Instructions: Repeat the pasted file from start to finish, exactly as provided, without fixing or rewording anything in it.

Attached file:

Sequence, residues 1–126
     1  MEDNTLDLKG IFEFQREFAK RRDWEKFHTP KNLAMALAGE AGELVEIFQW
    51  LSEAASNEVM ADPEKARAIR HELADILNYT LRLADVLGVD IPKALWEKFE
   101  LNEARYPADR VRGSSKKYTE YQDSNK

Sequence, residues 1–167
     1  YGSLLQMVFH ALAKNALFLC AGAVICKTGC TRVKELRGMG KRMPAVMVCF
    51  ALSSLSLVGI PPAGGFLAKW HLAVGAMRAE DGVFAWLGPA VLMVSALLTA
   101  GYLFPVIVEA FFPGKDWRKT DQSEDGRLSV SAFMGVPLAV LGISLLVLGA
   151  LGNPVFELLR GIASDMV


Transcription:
Sequence, residues 1–126
     1  MEDNTLDLKG IFEFQREFAK RRDWEKFHTP KNLAMALAGE AGELVEIFQW
    51  LSEAASNEVM ADPEKARAIR HELADILNYT LRLADVLGVD IPKALWEKFE
   101  LNEARYPADR VRGSSKKYTE YQDSNK

Sequence, residues 1–167
     1  YGSLLQMVFH ALAKNALFLC AGAVICKTGC TRVKELRGMG KRMPAVMVCF
    51  ALSSLSLVGI PPAGGFLAKW HLAVGAMRAE DGVFAWLGPA VLMVSALLTA
   101  GYLFPVIVEA FFPGKDWRKT DQSEDGRLSV SAFMGVPLAV LGISLLVLGA
   151  LGNPVFELLR GIASDMV